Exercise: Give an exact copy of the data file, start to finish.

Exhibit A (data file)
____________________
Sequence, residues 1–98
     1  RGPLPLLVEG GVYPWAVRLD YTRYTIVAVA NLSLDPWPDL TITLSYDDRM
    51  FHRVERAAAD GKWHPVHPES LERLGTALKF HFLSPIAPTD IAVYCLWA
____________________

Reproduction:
Sequence, residues 1–98
     1  RGPLPLLVEG GVYPWAVRLD YTRYTIVAVA NLSLDPWPDL TITLSYDDRM
    51  FHRVERAAAD GKWHPVHPES LERLGTALKF HFLSPIAPTD IAVYCLWA